Note: This is an unedited rush transcript. Please check any quotations against the audio recording.
Nico Perrino: Hello, and welcome back to So to Speak, the free speech podcast, where every other week, we take an uncensored look at the world of free expression through personal stories and candid conversations. I am your host, as always, Nico Perrino.
As a young undergraduate at Indiana University, I often walked past an etching at the entrance to one of our main campus buildings. The etching was a quote from John Milton’s famous treatise on free expression, Areopagitica. And it read, “A good book is the precious lifeblood of a master spirit, embalmed and treasured up on purpose to a life beyond life.” I’ll never forget that quote and its implication that books are more than just convenient ways to impart information. They are also a piece of someone’s life. They are ideas. They are work. And, as Milton said, they are spirit. As the book lives, so does the individual who wrote it, a form of immortality.
But if a book is more than just a book, so too is the act of destroying a book more significant than the loss of ink on the page. Throughout human history, libraries and books have been deliberately burned, sometimes in an attempt to control information, sometimes in an attempt to control a population. Regardless, and in either case, humanity loses a bit of its past. On today’s episode, we are going to discuss a new book that covers the history of the deliberate destruction of knowledge called Burning the Books. And to do so, we are joined by the author, Richard, Ovenden.
Richard is the director of the Bodleian Libraries at the University of Oxford and a fellow of Balliol College. He was awarded the order of the British Empire in 2019. He is a member of the American Philosophical Society and serves as treasurer of the Consortium of European Research Libraries and president of the Digital Preservation Coalition. Richard Ovenden, welcome onto the show.
Richard Ovenden: Thank you. It’s great to be chatting with you.
Nico: So, let’s start, I guess, with the beginning. By way of background, what first got you interested in becoming a librarian, and how did you find your way to one of the world’s greatest libraries, the Bodleian Library?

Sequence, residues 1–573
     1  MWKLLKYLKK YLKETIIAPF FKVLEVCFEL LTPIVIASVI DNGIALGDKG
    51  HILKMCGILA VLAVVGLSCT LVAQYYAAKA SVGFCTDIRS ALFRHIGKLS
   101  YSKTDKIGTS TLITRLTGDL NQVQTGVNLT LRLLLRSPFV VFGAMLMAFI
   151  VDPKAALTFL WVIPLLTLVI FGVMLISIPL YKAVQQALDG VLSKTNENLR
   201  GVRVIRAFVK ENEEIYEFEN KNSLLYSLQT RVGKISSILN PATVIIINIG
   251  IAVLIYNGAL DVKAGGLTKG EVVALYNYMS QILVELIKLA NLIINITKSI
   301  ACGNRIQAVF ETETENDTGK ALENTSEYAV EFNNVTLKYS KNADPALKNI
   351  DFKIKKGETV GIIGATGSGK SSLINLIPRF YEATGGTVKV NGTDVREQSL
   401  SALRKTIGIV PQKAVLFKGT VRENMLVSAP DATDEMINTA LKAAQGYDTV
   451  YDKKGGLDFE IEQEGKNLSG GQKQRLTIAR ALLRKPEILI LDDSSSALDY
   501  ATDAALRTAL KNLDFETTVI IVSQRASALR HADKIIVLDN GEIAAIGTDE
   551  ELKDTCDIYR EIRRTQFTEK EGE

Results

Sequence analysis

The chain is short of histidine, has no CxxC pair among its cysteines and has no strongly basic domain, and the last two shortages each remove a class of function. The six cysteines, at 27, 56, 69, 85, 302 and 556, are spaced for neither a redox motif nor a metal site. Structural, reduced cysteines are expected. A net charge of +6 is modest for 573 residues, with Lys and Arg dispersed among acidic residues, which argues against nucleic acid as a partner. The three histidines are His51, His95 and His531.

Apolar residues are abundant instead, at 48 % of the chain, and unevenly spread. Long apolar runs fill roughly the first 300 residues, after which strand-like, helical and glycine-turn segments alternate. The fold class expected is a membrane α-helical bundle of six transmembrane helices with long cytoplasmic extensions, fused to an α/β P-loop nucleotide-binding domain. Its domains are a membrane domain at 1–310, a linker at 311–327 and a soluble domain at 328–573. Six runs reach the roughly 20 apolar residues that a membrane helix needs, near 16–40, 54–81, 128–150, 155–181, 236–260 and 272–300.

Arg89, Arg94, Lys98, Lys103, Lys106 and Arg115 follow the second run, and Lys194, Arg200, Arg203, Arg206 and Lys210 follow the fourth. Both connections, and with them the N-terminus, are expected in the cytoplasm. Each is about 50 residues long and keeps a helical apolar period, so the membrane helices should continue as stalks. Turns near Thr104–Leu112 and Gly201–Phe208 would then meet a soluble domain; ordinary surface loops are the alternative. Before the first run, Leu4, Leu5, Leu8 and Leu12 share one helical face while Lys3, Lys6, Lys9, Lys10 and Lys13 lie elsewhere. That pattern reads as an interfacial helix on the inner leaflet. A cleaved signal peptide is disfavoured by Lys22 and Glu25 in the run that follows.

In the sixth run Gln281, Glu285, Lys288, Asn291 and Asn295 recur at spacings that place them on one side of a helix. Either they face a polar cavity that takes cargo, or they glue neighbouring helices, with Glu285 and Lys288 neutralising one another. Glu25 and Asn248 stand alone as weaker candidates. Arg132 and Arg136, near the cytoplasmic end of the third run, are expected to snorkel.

Richard: Well, I started my career as a librarian, actually, as a student. So, in my university, as an undergraduate, which was at Durham in the north of England, I was in a small college. And in order to earn some money, I became a student librarian. And I’d been as a schoolboy to my local library, my public library, in the small town that I grew up in. So, I knew – I thought I knew what libraries were like. But my college library was very kind of old-fashioned, and it had a kind of quirky collection because it had been a theological college originally.
And I went back one summer vacation to work for the college to move what was called the secondary sequence, in order to enlarge the college bar. And that secondary sequence that I was paid over the summer to work on had some extraordinary rare books of manuscripts in it, and I knew nothing about them. I went across to the university library and knocked on somebody’s door to ask for some advice, “What should I do with these ancient books?” And the person who I was shown to for advice had a brass plaque on her door that said, “Keeper of rare books”. And I thought, “Ooh, that’s a really good job title. I would like to do that someday.”
And she was incredibly kind and supportive of me in my career and gave me good advice and gave me a job, after I graduated, for a year as a trainee librarian. And from there, really, that set me off on my career, and I went to graduate school, and then after graduate school, I went and got a job in the House of Lords in the Palace of Westminster, the Parliament of England, and worked as a political researcher, librarian, in the House of Lords library. And then, to the National Library of Scotland to one of the kind of great libraries in the northern part of Britain, in Scotland, and worked in the rare books department there.
And then, I moved just a few hundred yards in the same city, in Edinburgh, to the university library there and had a kind of slightly broader role. I was responsible not just for archives and special collections in the library, but also for the university art gallery and the university museums.
And then, in 2003, I moved south, took my family with me, and got a job in the Bodleian, really one of the world’s great libraries, and have had a number of roles there, from keeper of special collections to associate director to deputy librarian. And then, in 2014, I became the grand fromage, the big cheese of the Bodleian, and ancient title called Bodley’s Librarian, which goes back to 1600, and I’m the 25th person since then to hold the title.
Nico: Wow. The Bodleian, as you mentioned, is one of the world’s great libraries, has a super-rich collection. What’s your favorite book in that collection?
Richard: Ooh, now that’s a difficult question. I mean, it changes a lot. Every time one of my colleagues shows me something or we have a special visitor and we kind of troll the collections for things which we think they might be interested in, I see something new, but I think my current favorite is a book called the Codex Mendoza, which was written in Mexico in the 1520s by a scribe who had been an Aztec priest. And he was asked, probably forced, to write in the Mixtec language, this kind of pictogramic language, a depiction of the life of people in the Aztec territories.